Food In Canada

Microbiological testing finds food is safe: report

Food in Canada   

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The CFIA’s National Microbiological Monitoring Program conducts thousands of tests each year. In 2011-2012 it found 98 per cent of our food was safe

Ottawa, Ont. – More than 98 per cent of food tested by the Canadian Food Inspection Agency (CFIA) was safe to eat according to Health Canada safety guidelines and standards, says a report.

Each year, the CFIA tests a wide variety of food samples as part of its monitoring program. These latest results are from its 2011-2012 annual report.
The CFIA’s National Microbiological Monitoring Program (NMMP) tests for microbial hazards and extraneous materials, such as glass and metal objects.

The testing covers:

• red meat and poultry products;
• shell eggs and egg products;
• dairy products; and
• fresh and processed fruit and vegetable products.

In 2011/2012, NMMP performed 14,307 tests on 5,234 samples of domestic and imported food products.

Specifically, 9,049 tests were performed on 3,678 domestic products and 5,258 tests were performed on 1,556 imported products to verify they were compliant with Canadian standards. Results indicated that domestic products were 99.0% compliant and imported products were 98.0% compliant. Overall, a 98.7% compliance rate for combined domestic and imported products was observed.

The NMMP also collected wash water samples and surface swabs within various food production environments. This type of environmental sampling was performed in domestic establishments to verify the operator systems’ ability to control the presence of pathogens within the processing environment.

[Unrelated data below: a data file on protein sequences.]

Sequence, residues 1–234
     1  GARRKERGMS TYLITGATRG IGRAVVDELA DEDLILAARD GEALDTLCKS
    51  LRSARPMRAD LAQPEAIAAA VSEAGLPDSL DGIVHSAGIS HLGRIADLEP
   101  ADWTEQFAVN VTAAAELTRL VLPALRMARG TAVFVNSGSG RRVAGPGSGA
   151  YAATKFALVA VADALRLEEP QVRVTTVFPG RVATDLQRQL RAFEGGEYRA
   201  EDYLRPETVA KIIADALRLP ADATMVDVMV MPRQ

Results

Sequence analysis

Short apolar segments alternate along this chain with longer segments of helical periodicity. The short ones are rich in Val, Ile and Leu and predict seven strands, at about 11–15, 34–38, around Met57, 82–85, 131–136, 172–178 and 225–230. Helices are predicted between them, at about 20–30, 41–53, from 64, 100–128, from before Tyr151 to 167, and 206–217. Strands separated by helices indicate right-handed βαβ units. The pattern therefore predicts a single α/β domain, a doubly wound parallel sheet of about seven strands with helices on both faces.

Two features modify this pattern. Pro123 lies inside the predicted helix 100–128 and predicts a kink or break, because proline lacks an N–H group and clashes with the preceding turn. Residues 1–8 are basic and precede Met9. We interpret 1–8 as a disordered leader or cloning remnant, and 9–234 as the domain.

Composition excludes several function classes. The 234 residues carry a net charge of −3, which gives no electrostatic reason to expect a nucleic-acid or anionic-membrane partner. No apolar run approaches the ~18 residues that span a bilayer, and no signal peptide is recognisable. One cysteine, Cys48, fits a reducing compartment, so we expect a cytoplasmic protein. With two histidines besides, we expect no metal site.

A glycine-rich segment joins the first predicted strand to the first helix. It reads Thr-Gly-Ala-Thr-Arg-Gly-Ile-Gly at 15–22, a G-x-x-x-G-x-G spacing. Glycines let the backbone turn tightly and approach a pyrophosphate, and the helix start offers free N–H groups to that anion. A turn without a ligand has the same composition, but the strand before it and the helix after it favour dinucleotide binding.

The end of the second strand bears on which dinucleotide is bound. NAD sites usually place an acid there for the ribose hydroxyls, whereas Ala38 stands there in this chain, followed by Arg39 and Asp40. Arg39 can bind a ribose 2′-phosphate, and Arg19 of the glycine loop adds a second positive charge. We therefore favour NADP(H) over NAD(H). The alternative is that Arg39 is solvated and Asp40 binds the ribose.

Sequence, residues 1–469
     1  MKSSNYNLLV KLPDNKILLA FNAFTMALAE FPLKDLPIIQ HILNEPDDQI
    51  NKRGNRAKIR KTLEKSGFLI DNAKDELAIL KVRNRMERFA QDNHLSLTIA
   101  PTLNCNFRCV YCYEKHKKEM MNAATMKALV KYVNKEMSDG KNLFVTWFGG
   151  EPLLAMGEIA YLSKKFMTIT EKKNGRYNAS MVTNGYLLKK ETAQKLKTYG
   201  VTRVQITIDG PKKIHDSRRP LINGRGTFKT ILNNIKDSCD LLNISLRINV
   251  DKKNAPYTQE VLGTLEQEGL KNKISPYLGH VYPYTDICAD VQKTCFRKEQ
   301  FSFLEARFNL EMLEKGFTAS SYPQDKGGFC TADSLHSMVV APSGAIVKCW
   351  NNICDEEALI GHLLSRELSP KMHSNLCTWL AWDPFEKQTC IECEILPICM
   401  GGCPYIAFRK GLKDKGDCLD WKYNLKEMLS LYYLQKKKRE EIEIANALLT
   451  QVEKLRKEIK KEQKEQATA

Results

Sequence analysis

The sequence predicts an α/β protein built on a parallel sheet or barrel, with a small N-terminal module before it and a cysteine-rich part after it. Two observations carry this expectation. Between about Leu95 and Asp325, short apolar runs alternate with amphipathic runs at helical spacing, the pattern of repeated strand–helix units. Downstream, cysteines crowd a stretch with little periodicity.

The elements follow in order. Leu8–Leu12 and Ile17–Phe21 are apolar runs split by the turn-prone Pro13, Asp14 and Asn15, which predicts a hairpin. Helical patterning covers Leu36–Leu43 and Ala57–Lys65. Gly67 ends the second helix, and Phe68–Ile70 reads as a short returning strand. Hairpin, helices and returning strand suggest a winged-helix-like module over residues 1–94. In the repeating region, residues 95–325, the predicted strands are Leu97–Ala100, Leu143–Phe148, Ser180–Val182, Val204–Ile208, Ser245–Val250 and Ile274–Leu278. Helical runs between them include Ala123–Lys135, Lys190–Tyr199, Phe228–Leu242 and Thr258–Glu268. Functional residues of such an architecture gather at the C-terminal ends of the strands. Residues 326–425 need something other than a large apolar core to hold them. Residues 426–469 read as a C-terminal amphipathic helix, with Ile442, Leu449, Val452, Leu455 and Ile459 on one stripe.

During 2011-2012, there were 2,300 tests performed on 1,878 environmental samples which were assessed as 97.5% compliant.

When the NMMP detects potential food safety concerns, they’re assessed to determine the level of risk posed to consumers and to then determine appropriate follow-up action.

These actions may include:
• notifying the producer or importer;
• additional inspections; or
• further directed sampling.

If Health Canada determines that a product poses a health risk to consumers, a product recall is initiated if the product is already in distribution or is removed from the food chain before reaching market.

This and other studies are part of the CFIA’s national microbiological monitoring program, which samples and tests a wide variety of domestic and imported products for high-risk pathogens, including E. coli, Listeria monocytogenes, Salmonella and Shigella.

This information helps the CFIA identify trends, so it can it focus its activities on the areas of greatest risk in the Canadian food market.

For more information, click here.

Image courtesy of David Castillo Dominici at

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